Generating swagger.json files with Enunciate and custom objects mappers

That’s a long title.
To make short, let’s just say I wanted to generate a Swagger file for Roboconf‘s REST API. This API is implemented in Java with Jersey and uses Jackson to handle the mapping between Java and JSon.

After exploring many solutions, I chose Enunciate to generate this file from my API. One of the best aspects of Enunciate is that it uses Javadoc comments (and optionally annotations) to populate the swagger.json file. The generated file can directly be read by Swagger UI.

Custom JSon de/serialization

One of the issues I met was related to our Java-JSon binding.
Indeed, our project uses custom object mappers. These mappers are a way for Jackson to tailor the JSon serialization and deserialization from and to Java objects. It is very convenient as it gives a maximum of control over what is returned by Jersey. However, this resulted in troubles when looking at the type definitions in the swagger.json file. Indeed, be it with Enunciate or Swagger Java tools, they all use Java types introspection to deduce the shape of the JSon objects. That’s a real problem if you use your own object mapper.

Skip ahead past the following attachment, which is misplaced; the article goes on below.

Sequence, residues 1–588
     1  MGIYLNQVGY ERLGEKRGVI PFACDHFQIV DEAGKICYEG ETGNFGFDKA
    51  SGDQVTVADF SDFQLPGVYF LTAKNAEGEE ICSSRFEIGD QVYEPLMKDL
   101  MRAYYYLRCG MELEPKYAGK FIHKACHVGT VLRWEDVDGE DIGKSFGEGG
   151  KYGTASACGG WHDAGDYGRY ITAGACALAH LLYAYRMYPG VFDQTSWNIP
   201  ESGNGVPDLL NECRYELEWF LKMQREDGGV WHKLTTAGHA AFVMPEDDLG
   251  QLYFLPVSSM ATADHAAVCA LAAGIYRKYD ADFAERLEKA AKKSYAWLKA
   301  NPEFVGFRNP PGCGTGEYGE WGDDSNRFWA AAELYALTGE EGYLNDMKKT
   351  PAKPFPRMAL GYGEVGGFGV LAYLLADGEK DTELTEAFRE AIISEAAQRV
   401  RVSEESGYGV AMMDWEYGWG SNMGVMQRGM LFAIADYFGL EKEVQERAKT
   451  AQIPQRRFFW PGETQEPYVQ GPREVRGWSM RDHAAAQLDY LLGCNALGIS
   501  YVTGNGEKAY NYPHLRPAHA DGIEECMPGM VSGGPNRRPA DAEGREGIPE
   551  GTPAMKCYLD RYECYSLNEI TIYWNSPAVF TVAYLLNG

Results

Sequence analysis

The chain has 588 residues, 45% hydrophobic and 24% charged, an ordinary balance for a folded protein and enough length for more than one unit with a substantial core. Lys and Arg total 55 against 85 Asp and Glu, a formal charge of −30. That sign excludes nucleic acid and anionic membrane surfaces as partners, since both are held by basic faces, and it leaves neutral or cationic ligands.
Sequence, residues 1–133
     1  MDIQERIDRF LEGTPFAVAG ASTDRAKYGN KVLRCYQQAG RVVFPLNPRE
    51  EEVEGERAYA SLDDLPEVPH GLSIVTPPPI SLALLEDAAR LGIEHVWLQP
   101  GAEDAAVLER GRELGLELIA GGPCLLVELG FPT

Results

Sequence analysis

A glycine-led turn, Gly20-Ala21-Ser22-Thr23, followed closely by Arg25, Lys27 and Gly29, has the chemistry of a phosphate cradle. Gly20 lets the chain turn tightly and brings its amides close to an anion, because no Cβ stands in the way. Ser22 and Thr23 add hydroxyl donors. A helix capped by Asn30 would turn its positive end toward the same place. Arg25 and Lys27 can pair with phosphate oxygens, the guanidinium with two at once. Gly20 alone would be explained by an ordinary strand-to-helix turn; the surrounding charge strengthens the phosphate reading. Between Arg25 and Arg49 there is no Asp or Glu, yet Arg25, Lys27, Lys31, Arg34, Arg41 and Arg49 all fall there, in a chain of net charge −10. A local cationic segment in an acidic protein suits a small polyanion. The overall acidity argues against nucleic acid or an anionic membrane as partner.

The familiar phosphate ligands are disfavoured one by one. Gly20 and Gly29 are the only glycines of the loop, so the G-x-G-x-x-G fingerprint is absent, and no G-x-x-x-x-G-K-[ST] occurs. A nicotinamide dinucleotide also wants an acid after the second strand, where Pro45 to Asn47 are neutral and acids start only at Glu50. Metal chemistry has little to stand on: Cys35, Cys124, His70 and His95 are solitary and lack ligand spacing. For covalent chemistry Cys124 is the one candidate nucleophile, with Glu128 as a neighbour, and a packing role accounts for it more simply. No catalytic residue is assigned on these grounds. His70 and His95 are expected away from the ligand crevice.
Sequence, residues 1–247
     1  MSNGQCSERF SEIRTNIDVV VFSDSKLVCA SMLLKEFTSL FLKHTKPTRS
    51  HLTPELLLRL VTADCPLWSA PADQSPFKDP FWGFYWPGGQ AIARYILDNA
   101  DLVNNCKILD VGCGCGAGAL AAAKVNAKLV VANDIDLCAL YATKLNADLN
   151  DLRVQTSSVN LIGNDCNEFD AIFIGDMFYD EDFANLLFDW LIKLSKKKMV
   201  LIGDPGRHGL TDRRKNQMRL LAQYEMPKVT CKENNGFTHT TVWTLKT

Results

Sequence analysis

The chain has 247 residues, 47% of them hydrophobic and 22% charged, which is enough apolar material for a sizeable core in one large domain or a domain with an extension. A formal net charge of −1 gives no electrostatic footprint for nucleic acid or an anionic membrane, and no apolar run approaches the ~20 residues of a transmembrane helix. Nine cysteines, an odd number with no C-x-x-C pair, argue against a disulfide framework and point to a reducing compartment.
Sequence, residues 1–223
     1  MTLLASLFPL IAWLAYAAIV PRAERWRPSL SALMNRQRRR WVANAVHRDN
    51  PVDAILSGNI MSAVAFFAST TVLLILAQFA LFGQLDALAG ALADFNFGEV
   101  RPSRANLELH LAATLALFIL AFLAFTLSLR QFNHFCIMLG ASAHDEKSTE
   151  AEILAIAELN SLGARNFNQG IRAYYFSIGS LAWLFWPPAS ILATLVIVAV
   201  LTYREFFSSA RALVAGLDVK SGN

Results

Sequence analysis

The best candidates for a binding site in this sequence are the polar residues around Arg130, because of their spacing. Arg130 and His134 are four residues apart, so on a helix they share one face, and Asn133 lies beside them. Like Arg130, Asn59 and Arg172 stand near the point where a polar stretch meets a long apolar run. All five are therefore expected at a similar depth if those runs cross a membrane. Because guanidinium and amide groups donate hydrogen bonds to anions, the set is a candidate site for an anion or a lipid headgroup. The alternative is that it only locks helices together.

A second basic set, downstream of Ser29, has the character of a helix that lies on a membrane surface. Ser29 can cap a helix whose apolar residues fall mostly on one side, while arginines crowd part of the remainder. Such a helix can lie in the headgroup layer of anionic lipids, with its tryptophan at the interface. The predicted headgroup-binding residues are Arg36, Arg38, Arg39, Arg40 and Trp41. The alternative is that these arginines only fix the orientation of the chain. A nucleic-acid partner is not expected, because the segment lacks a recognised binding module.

Fortunately, since version 2.6, Enunciate now supports Jackson mix-ins. A Jackson mix-in is in fact a Java class that you can annotate to customize the shape of the generated JSon structures. Let’s take an example. Let’s assume you have a model class that is returned by one of your REST operations.

public class MyModel {
     private String firstName, lastName;
     private int age;

     // All the setters and getters here...
}

Let’s assume this class is defined by someone else, in a different project. How can you customize the JSon generation as you cannot (or do not want) to modify the source code? Mix-ins to the rescue! You define another class and annotate it.

public abstract class MyModelMixin {

     // Do not serialize
     @JsonIgnore
     public abstract int getAge();

     // Change the property name
     @JsonProperty( "name" )
     public abstract String getLastName();
}